I have been overwhelmed by the responses that I received on my last blog post. So many people identified with the same struggles around negativity and general unkindness I had subjected myself to for many years. I'm not surprised at how many people felt compelled to share that they understood. I know. I did it to myself, and I know how tough I could be. I also have worked with thousands of women and men who do and say the same damned things to themselves; and I've listened to my friends.
We all do it. We call ourselves "idiot" (or worse) for the slightest infraction. We remember the one thing that went wrong on a project or that one bit of negative feedback, instead of embracing the greater good. As women, we struggle to have it all, and then we feel like losers when we fail. We doubt our potential and mistrust our abilities. We compare ourselves to others, noticing all that they have and can do -- and noting all that we don't and seemingly can't do. And we judge, not only ourselves but others, and in doing so, we create walls between us. We all do it.
But commenters were surprised.
How could I, they wondered, have felt any negativity or said such mean things to myself? One reader shared: "It truly brought tears to my eyes. I greatly appreciate your amazing honesty. I would have never thought someone like you could have ever doubted herself... I never thought we would have something like that in common. I constantly struggle with these thoughts." Numerous responses like these remind me that outsiders think that my life, including my attitude about myself, was pretty good. In fact, not just pretty good but quite fantastic. And they reminded me that things are not always what they seem (but we don't always remember that).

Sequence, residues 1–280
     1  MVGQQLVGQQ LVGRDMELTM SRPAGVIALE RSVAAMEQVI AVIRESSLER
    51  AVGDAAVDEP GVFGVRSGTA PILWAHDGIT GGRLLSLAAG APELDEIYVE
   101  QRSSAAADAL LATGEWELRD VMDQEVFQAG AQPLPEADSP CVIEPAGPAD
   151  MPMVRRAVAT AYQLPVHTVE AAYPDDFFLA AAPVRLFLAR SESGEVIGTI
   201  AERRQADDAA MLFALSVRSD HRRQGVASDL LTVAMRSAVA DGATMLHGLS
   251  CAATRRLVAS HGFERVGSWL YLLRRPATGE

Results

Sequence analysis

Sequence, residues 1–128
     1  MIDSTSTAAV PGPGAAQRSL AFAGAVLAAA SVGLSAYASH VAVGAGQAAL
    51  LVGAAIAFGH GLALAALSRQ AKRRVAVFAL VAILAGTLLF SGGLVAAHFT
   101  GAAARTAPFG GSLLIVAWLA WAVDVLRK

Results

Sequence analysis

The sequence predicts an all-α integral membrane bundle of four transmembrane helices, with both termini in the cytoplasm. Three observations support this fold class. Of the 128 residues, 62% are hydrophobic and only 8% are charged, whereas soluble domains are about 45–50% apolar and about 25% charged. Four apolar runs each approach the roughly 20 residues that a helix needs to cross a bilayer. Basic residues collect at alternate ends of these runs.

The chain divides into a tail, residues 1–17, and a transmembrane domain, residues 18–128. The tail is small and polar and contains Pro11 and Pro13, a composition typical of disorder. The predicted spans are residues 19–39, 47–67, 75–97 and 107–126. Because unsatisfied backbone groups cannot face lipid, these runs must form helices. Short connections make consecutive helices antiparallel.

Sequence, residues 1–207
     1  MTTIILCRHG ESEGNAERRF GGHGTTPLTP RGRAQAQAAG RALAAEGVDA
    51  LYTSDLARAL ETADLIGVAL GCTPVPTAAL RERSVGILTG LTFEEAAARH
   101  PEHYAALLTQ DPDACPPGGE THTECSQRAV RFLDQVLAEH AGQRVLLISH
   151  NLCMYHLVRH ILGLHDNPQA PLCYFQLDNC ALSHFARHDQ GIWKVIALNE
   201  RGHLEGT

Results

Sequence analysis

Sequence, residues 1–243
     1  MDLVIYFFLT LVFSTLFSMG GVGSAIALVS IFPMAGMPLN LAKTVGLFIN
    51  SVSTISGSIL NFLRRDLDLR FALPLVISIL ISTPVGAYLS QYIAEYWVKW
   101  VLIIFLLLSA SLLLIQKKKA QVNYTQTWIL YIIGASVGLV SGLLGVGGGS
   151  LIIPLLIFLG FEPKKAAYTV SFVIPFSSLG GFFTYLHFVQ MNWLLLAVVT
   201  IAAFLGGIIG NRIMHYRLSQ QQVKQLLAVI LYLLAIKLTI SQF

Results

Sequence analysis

Similarly, my clients seem to have it all together. Well-accomplished (remember? I work with some pretty incredible executives, entrepreneurs and people in transition). Fit. Happy. Engaged. Booked social calendar. Confident. Never a doubt in their minds about what's next.
But inside, in their brains and in their hearts, there was some form of unwelcome negativity, whether they were aware of it or not. Some clients have been better off in their mindsets than others; some worse. Bottom line, each was giving him or herself way less credit, love and appreciation than was deserved. They had doubts, they had fear, and all of this was having a negative effect on life as they knew it -- at work, in their personal relationships and in their ability to trust in their potential and achieve more. This was affecting their ability to be happy, or even content.
So if you identified at all with me, know that you aren't alone. In my coaching practice, I've seen that people are unnecessarily hard on themselves or hold themselves up to unrealistic, impractical expectations, thereby holding themselves back from authentic happiness and real success -- missing out on what can be because they think they can't.
It's not a lost cause, clearly. Change is possible. "You on your best day" is achievable more often than you think.
First step, recognize the meanness in ourselves, and as a result, perhaps toward others, and then extend compassion. Give yourself some understanding, acceptance and love. It doesn't have to be a lot, just more than you've afforded yourself to date. If you're able to do that, you'll begin to see all that you actually are able to do and achieve. It's way more than you think.
A friend just posted on her Facebook page: "Lift each other up more" and went on to encourage us all to embrace our differences, to embrace each other. I wholeheartedly agree. Let's just start with ourselves.
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